The ban on power cutoffs ends Oct. 5, as the General Assembly sorts out a long-term solution
RICHMOND-Time’s up. The State Corporation Commission delivered that message Thursday, rejecting a request to once again extend the moratorium on utility cutoffs. After seven months, the SCC said, it was time for the General Assembly to find a long-term solution.
Gov. Ralph Northam wrote to the SCC earlier in the day, asking for an extension through Dec. 1 or a reconvened General Assembly session, whichever happened first.
“The Virginia General Assembly is still in special session, so this request is intended to give the legislature the time they need to finish their work and address this issue,” Northam wrote.
In response, the SCC pointed out they warned state officials back in mid-September the current extension would be the last. From the beginning, the SCC’s position has been that constantly extending the moratorium doesn’t actually solve the problem. It just kicks the can down the road.
“This moratorium is not sustainable indefinitely,” SCC members wrote in their Sept. 15 letter to the governor. “The mounting costs of unpaid bills must eventually be paid, either by the customers in arrears or by other customers who themselves may be struggling to pay their bills. Unless the General Assembly explicitly directs that a utility’s own shareholders must bear the cost of unpaid bills, those costs will almost certainly be shifted to other paying customers.”
The SCC emphasized that last part in the September note. The group pointed out the General Assembly has been in special session since Aug. 18. Nearly two months should have been enough to develop a solution, they argued.
A Solution Soon Coming?
That long-term solution may happen as soon as next week. Both the House and Senate have approved a budget that tackles the problem, although it’s still a controversial solution. Earlier this year, the SCC found Dominion Energy had overcharged customers by $502.7 million from 2017 to 2019. The Senate by a 20-19 vote Thursday night passed a bill that would order Dominion to spend $74 million of that money to cover some unpaid utility bills. It’s roughly the same as the proposal that passed earlier this week in the House. Now to be clear, this is not a finished solution yet. As this is part of the budget discussion, the House and Senate will now select members to meet in conference and hammer out the differences.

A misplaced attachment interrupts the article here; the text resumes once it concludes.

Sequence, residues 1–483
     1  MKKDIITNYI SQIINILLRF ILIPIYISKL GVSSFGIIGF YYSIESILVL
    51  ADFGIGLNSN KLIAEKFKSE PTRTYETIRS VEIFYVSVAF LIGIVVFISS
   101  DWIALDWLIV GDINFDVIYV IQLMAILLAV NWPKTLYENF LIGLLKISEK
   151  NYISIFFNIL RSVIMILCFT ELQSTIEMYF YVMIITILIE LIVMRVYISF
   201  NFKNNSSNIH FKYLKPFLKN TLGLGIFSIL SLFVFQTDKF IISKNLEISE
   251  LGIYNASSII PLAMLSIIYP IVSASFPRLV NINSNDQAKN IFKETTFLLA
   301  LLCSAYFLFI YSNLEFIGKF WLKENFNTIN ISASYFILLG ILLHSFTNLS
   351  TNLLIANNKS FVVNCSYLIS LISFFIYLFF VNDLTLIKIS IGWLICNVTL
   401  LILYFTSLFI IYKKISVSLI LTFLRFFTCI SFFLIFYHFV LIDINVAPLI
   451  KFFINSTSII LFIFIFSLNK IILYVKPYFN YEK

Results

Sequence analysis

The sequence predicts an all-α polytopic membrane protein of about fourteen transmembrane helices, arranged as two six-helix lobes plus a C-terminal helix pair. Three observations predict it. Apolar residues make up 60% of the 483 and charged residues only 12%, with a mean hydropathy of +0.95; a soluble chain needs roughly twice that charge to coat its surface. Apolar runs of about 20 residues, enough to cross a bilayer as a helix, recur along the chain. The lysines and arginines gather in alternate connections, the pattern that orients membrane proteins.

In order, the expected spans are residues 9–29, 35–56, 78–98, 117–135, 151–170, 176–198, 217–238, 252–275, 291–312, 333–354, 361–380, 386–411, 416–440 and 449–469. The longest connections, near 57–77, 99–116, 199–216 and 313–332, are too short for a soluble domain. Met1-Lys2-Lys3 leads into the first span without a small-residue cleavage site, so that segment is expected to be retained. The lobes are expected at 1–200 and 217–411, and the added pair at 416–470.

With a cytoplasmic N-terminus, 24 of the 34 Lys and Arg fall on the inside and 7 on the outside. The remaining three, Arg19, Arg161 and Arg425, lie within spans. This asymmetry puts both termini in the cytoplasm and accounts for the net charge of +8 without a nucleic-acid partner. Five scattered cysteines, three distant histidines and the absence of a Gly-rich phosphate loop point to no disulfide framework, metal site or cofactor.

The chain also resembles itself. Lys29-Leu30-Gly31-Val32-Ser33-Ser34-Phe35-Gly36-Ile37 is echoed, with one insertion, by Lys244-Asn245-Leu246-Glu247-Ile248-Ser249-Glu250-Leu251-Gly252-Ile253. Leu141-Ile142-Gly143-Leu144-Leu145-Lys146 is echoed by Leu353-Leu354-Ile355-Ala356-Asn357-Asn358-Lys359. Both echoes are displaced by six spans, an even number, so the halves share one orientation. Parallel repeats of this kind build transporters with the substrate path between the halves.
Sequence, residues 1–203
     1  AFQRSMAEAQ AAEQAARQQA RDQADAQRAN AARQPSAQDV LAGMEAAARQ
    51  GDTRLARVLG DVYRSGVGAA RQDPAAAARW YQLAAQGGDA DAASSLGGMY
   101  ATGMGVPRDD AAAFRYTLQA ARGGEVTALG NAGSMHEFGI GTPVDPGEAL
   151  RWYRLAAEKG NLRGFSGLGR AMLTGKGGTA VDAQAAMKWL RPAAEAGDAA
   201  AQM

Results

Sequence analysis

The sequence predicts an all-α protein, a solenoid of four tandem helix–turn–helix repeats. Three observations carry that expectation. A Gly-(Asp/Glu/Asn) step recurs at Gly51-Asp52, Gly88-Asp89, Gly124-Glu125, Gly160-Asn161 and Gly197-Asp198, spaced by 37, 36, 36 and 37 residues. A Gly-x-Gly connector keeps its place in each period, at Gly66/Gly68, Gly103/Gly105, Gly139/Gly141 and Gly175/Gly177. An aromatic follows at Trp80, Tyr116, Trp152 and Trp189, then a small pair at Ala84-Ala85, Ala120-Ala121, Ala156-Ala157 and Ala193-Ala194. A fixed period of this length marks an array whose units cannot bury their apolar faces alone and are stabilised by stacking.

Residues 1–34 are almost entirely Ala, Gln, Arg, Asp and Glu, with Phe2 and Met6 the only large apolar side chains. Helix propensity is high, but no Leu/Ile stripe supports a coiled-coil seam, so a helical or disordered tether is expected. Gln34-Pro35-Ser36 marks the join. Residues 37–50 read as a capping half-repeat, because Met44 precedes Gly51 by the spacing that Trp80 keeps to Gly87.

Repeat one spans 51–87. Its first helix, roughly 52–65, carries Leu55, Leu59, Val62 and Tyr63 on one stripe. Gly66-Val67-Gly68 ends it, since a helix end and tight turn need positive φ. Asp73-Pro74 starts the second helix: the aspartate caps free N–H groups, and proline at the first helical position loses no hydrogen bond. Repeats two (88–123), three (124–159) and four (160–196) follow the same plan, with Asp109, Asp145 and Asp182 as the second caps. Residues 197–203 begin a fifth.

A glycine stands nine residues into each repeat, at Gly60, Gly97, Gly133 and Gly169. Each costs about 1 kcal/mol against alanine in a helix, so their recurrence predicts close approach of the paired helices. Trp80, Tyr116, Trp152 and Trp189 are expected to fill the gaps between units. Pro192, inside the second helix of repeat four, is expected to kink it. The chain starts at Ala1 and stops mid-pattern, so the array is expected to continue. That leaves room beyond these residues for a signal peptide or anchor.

The controversy comes in the amount Dominion has to pay. In September, Gov. Northam proposed requiring Dominion to pay $320 million. He also proposed forgiving all bills 60 days past due and covering the cost for those 90 days past due. General Assembly members hesitated to go along with that, which didn’t go unnoticed by state watchdogs.
“While Virginians should receive all $502.7 million that Dominion overcharged them, supporting the Governor’s solution was the clear right choice,” said Brennan Gilmore, executive director of Clean Virginia. “Return $320 million to Virginians through direct refunds and debt forgiveness, using just a portion of the half a billion that Dominion Energy already overcharged customers since 2017.”
Gilmore’s group monitors energy spending across the state. He said it’s not too late for the General Assembly to change their plan.
What If The Bills Don’t Pass?
If by some chance the utility payments don’t make it out of conference next week, that doesn’t mean the power will immediately be shut off. As a compromise, the SCC said they’ve issued orders for companies to work with customers.
“The Commission has ordered all jurisdictional utilities to continue to offer extended payment plans of up to 12 months,” SCC legal counsel John Dudley wrote in the response to Gov. Northam. “The Commission further directed that customers on such plans (or other good-faith repayment plans with the utility) shall not be charged late fees and shall not be disconnected. Thus, for these customers, the protections of the moratorium continue.”